Solis also noted that the many 1950s-era science labs she sees in schools around the country need to be updated, “so we can compete in the 21st Century.”
$12 Million Grant
Solis also announced the Obama administration’s awarding of $12,096,394 to a consortium of state colleges for the development and expansion of innovative training programs.
“Right now we have a large number of people who aren’t ready to go to college, but they can come and get certification,” because of the flexibility of community colleges, said Solis. “We want partnerships with unions, with CEOs, community-based organizations,” to reach people who may not even have their GEDs.
The $12 million grant Solis announced is part of the $500 million federal Trade Adjustment Assistance Community College and Career Training initiative, which promotes skills development and employment opportunities in fields in which the greatest job growth is expected in coming years through partnerships between training providers and local employers.
Workers will be needed in advanced manufacturing, transportation and health care, as well as science, technology, engineering and math careers The U.S. Department of Labor is implementing and administering the program in coordination with the U.S. Department of Education.
Members of the consortium include Capital, Gateway Community College, Manchester Community College, Middlesex Community College, Charter Oak State College, Eastern Connecticut State University and Norwalk Community College.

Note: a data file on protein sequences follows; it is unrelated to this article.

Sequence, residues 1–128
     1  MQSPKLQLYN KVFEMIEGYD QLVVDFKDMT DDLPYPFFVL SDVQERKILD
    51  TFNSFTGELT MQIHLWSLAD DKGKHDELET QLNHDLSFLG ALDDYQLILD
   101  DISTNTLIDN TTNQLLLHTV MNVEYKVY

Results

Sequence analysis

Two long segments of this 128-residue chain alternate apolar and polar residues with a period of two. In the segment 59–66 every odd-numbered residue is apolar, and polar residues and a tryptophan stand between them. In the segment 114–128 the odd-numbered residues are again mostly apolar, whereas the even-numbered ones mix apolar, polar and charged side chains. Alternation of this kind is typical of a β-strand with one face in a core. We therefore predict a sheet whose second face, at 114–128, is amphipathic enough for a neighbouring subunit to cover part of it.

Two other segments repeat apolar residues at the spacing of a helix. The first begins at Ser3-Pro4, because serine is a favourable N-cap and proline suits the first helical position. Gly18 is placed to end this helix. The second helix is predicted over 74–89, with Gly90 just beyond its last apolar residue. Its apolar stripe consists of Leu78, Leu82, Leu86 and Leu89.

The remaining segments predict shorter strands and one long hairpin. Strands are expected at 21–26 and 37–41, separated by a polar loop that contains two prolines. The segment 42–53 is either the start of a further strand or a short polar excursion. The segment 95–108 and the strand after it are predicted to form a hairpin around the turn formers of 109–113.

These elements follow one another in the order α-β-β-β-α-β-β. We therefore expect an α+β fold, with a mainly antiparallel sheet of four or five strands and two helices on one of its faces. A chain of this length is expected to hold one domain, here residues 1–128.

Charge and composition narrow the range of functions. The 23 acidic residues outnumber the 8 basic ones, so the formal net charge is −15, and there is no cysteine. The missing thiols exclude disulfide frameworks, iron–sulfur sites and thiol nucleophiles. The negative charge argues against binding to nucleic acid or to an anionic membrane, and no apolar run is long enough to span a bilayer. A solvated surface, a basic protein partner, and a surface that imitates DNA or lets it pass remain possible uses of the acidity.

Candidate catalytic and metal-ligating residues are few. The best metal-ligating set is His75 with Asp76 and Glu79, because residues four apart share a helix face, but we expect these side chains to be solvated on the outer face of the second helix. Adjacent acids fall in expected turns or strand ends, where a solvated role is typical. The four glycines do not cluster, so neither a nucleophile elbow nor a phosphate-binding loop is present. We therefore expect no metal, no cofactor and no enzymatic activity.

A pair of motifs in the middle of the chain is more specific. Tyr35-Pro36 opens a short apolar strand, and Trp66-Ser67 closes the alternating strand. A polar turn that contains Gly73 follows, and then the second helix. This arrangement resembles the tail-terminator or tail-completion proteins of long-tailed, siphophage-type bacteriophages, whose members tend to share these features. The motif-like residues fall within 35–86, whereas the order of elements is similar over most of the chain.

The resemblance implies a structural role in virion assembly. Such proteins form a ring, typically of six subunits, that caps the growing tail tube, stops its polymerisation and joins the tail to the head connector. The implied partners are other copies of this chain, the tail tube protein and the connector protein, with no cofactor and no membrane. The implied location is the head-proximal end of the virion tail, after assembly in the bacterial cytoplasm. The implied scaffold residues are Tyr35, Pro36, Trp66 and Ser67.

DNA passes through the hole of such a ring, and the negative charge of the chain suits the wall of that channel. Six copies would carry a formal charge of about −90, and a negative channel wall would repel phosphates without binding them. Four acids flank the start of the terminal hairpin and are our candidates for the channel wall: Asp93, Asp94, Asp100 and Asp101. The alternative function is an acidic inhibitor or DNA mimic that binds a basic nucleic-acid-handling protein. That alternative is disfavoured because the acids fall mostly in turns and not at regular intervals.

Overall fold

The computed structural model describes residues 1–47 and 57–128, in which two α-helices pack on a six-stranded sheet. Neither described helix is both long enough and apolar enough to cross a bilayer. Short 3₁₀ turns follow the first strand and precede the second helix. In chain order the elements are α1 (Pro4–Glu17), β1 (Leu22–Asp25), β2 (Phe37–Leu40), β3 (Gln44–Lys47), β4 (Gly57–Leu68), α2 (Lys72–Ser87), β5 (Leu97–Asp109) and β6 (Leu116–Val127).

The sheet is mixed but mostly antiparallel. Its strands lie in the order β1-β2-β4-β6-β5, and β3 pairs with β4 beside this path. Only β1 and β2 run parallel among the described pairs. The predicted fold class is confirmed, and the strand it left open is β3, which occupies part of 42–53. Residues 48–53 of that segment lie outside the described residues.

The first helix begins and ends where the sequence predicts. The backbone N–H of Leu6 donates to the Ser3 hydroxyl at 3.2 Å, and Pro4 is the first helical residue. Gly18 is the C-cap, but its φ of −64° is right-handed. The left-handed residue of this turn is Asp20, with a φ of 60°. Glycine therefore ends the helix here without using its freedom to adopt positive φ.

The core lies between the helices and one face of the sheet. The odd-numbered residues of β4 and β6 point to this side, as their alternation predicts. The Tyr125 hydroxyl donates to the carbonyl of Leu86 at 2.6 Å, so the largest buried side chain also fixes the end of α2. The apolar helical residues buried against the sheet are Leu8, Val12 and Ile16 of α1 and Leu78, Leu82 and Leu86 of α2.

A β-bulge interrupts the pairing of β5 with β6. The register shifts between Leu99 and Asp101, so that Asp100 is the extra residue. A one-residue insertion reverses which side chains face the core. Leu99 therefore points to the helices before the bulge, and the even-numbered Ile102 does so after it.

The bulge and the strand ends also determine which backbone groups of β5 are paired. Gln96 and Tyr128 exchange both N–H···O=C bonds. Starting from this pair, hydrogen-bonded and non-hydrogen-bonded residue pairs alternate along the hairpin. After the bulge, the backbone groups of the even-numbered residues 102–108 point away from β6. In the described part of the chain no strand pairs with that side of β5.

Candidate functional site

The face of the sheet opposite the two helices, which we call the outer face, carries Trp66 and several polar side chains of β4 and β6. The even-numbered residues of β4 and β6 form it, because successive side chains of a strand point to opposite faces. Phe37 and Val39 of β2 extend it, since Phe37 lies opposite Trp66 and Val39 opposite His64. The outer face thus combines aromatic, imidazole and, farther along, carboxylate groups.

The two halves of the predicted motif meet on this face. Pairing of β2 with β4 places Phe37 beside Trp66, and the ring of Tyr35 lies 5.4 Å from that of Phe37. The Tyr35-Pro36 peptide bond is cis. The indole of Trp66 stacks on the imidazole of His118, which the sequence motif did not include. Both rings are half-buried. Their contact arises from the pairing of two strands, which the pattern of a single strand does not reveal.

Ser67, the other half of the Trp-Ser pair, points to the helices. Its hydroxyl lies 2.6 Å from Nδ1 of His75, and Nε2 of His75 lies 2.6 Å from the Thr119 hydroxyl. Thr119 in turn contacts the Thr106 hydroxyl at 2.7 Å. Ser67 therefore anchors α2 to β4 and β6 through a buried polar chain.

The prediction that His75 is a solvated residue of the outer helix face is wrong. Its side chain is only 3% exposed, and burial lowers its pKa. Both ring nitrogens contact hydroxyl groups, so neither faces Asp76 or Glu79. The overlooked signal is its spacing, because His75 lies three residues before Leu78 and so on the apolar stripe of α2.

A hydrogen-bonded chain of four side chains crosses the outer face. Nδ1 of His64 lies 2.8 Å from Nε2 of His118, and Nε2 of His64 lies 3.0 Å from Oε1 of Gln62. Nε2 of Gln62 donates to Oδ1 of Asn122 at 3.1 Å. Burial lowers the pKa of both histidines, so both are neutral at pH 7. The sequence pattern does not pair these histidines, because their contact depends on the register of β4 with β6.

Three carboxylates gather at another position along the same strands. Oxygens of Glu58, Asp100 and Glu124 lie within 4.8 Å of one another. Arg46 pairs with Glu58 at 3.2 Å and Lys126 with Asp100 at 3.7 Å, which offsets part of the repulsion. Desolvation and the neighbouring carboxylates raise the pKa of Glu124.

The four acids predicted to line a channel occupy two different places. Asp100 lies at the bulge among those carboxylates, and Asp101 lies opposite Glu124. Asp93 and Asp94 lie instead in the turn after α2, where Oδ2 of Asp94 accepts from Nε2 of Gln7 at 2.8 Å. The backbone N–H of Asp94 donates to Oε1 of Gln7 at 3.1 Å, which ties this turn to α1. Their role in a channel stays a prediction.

“We have to retool our workforce,” she said. Noting that the U.S. had already lost 8 million jobs by the time President Barack Obama took office and that 4.6 million new jobs have been created in the past four years, she said, “There’s still a lot of unfinished business that we have to attend to.”
The labor secretary said that includes many of the nation’s post-9/11 military veterans who are out of work. “Some are in need of intensive therapy; some just need a helping hand from a businessman,” she said. A tax credit of up to $9,600 is available to businesses that hire a disabled veteran, she said. “We know those of us in the Latino community and in the larger community feel very strongly about supporting the vets.”
Richard Davis, future workforce-business services coordinator with the state Labor Department’s Capital Workforce Partners, who attended the forum, pointed out some of the services that are available. “We have a job funnel program, which the secretary has endorsed in previous years, which has been for construction (jobs),” as well as a program for post-9/11 veterans.
His colleague, Pamela Tonello, director of special programs, noted that one of Capital Workforce Partners’ community partners is the Center for Latinos program in Hartford. “I think it’s encouraging that the community colleges received that $12 million grant,” she said.
Photo by Doug Maine